Synopsis: As a string of mysterious killings grips Seattle, Bella, whose high school graduation is fast approaching, is forced to choose between her love for vampire Edward and her friendship with werewolf Jacob.
Why We're Excited: Eclipse the third film in the Twilight saga, is directed by David Slade, who also brought us 30 Days of Night and Hard Candy. It will be great to see how he brings some of that dark edge to this story as the stakes are raised again for Bella and Edward. Also, in New Moon, the real action began once the Volturi entered the picture. We’re looking forward to the major fight scenes that will certainly have some cool effects.
Why We're Not: Bryce Dallas Howard replaced Rachelle Lefevre as Victoria in this film due to “scheduling conflicts.” Twi-hards have been following LeFevre for two films, and now that it’s time for the real showdown to begin, we hope Bryce can seamlessly step into the part.
That shouldn't come as a surprise to the series' diehard fans (known as 'Twi-hards' by some), who relate to brooding high schooler Bella Swan (Kristen Stewart) and envy her romantic conundrum: She can choose to give up her human life and marry old vampire Edward Cullen (Robert Pattinson), or commit herself to young man-wolf Jacob Black (Taylor Lautner). Two different guys, from different races, pining for Bella with their hearts on their sleeves -- or in Jacob's case, on his biceps, as the fella never wears a shirt. What'll it be ladies, the intense, pale-looking skinny dude or the brown, buff musclehead? Deal with it, guys; this setup is many a woman's dream.
Director David Slade (30 Days of Night) steps in for New Moon's Chris Weitz, but there's not much discernible difference between the films. That can be good or bad depending on your taste for talk. Bella's intimate conversations with her individual beaus are chock full of chatter, and like Weitz, Slad doesn't rush the moment. That's great, considering your typical teen movie is much quicker these days. But sadly, the words pouring out of the kids' mouths -- via writer Melissa Rosenberg's pen -- is predictable fluff.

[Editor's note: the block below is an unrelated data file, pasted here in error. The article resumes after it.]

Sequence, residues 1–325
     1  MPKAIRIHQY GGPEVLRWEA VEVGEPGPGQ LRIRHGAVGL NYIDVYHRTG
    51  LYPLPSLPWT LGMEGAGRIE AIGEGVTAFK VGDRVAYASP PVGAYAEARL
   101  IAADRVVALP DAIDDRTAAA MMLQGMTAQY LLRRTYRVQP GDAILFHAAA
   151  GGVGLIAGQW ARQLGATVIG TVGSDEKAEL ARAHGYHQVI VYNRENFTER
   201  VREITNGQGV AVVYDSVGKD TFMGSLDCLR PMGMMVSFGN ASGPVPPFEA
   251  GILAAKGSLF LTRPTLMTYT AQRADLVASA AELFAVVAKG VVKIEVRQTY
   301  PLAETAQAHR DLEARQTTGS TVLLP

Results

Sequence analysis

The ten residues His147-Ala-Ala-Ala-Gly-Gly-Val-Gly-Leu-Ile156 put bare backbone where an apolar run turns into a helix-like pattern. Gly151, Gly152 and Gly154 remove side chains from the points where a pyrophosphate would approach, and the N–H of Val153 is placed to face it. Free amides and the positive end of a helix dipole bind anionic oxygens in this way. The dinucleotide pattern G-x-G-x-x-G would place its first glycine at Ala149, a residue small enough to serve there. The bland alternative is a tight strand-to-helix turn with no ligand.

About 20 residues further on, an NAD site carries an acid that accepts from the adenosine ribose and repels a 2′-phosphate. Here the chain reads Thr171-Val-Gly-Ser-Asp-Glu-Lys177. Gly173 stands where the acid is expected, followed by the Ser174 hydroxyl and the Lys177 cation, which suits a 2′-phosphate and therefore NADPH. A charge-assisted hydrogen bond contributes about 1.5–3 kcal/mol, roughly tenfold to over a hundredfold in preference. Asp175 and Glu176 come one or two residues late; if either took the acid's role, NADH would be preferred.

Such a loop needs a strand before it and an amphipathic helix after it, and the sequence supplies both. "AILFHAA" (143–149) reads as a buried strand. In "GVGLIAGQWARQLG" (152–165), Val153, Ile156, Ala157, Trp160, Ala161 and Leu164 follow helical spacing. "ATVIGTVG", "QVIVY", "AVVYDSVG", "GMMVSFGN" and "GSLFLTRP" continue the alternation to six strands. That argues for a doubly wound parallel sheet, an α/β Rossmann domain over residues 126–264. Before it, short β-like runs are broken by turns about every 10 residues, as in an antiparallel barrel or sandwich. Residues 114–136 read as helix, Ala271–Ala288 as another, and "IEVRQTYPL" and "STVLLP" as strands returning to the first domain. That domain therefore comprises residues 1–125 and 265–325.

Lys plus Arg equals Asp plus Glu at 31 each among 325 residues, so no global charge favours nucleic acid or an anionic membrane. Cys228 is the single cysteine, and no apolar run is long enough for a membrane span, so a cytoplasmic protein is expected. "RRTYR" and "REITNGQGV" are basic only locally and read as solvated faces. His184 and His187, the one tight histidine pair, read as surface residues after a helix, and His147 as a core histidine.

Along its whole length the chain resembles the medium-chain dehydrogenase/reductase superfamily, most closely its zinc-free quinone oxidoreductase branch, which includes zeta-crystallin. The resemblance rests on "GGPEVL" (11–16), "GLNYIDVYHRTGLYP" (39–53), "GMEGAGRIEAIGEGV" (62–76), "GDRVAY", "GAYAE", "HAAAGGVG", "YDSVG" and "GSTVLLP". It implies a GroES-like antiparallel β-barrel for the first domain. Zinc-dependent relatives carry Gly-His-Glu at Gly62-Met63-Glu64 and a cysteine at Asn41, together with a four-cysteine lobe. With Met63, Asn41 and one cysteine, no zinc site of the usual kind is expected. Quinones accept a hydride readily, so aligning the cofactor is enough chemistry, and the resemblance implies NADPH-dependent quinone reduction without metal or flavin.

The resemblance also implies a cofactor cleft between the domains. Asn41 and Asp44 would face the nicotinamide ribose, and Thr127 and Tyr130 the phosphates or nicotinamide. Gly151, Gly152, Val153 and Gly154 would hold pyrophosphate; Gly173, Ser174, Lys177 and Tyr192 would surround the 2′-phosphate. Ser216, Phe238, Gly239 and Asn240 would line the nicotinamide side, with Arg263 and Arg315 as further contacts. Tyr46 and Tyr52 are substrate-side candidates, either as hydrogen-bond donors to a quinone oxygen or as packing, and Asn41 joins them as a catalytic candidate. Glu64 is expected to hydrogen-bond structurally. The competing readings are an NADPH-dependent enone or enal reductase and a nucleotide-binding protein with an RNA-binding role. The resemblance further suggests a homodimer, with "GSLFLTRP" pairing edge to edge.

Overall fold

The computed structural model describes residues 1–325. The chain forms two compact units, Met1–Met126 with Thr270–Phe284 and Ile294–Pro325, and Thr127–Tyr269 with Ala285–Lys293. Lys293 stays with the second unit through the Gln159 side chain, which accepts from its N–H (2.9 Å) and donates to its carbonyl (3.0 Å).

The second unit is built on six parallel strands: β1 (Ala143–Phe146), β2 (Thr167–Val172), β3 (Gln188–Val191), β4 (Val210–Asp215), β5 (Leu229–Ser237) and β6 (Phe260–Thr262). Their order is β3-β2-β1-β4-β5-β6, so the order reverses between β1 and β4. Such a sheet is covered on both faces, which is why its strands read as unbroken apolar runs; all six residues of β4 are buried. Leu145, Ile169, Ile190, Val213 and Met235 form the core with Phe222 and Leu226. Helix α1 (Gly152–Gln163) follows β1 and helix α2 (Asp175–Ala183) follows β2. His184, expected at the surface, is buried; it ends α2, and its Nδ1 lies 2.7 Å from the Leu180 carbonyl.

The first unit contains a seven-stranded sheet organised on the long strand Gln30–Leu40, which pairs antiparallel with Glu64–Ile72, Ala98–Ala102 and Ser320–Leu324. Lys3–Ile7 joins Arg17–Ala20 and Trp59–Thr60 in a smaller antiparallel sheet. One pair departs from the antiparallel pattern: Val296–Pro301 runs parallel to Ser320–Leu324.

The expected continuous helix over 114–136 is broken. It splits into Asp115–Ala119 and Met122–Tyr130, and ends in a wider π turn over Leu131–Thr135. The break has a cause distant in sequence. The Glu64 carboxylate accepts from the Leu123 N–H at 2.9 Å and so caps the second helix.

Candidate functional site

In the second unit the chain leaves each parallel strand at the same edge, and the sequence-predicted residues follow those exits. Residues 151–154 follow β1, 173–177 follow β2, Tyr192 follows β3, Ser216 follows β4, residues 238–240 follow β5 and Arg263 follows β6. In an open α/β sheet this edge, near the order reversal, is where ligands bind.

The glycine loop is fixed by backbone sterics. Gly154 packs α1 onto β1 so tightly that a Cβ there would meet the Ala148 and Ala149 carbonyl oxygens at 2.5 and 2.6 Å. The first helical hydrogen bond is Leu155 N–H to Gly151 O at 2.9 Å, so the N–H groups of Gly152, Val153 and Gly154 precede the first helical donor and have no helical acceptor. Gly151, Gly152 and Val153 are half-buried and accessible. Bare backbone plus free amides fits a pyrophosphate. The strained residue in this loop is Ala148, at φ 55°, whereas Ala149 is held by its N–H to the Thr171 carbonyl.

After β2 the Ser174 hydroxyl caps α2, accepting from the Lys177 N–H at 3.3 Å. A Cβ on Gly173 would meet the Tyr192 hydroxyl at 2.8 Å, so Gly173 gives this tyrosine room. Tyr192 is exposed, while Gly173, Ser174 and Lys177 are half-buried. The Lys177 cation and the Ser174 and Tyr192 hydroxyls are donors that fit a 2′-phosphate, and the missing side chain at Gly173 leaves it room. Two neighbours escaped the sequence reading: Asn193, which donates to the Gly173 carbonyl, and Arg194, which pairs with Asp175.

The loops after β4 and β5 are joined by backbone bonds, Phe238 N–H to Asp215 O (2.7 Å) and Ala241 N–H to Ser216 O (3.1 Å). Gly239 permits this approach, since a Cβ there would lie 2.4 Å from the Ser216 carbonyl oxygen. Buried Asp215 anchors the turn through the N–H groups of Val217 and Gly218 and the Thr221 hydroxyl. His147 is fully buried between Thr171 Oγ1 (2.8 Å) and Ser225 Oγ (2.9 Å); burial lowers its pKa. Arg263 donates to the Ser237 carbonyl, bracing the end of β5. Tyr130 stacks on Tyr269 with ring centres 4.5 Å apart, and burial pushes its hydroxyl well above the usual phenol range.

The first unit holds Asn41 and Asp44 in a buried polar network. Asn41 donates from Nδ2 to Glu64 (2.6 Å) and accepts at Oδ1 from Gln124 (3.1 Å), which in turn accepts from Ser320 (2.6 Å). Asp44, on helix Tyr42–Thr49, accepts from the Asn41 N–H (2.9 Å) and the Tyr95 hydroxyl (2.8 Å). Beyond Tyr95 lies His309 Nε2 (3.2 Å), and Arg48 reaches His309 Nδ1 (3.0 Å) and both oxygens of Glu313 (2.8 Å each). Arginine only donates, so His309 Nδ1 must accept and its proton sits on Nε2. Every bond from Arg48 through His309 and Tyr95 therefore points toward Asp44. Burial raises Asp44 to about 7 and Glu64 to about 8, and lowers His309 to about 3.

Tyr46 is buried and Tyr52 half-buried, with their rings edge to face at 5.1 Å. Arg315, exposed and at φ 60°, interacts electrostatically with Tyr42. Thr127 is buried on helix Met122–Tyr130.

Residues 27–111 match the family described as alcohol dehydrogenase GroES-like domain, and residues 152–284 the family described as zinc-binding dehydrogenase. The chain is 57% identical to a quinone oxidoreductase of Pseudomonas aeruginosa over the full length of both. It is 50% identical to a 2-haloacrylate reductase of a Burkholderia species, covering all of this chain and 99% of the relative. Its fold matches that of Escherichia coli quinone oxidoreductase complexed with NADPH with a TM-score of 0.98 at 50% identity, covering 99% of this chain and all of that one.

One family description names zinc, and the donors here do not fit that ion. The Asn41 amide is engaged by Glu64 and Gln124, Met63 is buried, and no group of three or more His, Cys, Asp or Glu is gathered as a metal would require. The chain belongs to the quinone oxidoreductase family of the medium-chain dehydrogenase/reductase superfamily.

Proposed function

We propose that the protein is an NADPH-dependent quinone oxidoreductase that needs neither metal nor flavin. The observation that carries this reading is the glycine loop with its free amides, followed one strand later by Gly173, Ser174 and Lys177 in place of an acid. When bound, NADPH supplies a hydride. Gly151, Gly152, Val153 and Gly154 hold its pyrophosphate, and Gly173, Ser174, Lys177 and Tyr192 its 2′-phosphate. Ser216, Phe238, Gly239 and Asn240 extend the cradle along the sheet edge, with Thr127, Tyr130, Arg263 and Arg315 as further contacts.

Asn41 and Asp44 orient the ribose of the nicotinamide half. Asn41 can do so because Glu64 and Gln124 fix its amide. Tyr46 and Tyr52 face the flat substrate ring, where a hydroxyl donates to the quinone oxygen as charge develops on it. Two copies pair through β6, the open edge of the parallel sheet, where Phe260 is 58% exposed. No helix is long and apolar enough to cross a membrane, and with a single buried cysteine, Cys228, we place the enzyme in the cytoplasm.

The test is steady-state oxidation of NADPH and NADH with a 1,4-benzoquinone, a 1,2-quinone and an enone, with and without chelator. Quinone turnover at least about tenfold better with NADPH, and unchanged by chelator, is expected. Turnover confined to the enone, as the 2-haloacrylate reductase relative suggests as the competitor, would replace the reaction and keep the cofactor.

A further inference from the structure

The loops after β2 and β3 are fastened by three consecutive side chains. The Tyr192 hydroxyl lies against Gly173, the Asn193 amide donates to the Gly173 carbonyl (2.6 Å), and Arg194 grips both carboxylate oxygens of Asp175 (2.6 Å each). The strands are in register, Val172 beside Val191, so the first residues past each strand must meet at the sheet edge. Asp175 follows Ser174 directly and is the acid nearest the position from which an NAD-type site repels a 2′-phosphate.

String enough of those scenes together and even the softest-hearted preteen is bound to get bored. Did Slade have the latitude to speed up the proceedings, offering an edit here and there? It would've helped.
If you're a 14-year-old girl, you can probably deal. The proclamations of love leap right out of a romance novel (or Meyer's series), with innocence and sacrifice professed in fields of wildflowers, spoken bare-chested amidst mountain ranges. Add a little danger, in the form of a marauding bunch of vampires called "newborns," and the higher stakes make all that love feel desperate. If teen romance turns drama into melodrama, then the added gravity here turns this melodrama into camp.
The main trio of actors is to be commended for delivering the marshmallow dialogue with the right sticky-sweet flavor. They provide just enough breathless puppy love to make the young girls gasp, and enough feigned interest to make the older folks laugh. At them, not with them.
But what else can the cast do? Early in the film, Rosenberg's script is peppered with references to earlier films, with lame lines like "Yeah, I remember that." or "You mean like the last time?" Younger audience members squeal with delight to be part of the joke, but the rest of the screenplay doesn't get much more mature than that. Lines like that aren't easy to pull off, though Lautner seems to have it down.
I don't know what the later Twilight novels bring (forgive me), but I'd like to see a film that delivers meaningful commentary on race and destiny, an epic romance tinged with a loss of identity, capped off by a large-scale, full-blown, mind-reading supernatural war. Or, Bella and Edward can just make goo-goo eyes at each other.